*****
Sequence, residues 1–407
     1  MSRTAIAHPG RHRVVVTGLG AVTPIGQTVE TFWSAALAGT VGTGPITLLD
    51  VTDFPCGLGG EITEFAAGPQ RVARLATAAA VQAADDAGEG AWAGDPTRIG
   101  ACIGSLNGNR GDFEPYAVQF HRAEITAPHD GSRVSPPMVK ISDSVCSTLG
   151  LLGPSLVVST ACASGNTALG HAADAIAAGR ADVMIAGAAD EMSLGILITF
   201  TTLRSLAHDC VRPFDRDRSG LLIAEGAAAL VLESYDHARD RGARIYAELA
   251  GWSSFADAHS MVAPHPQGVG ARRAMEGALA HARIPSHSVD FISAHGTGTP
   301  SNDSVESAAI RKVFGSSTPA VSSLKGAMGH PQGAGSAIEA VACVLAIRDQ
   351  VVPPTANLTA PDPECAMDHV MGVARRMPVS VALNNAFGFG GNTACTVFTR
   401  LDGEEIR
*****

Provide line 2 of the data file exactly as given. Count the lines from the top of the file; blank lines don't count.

     1  MSRTAIAHPG RHRVVVTGLG AVTPIGQTVE TFWSAALAGT VGTGPITLLD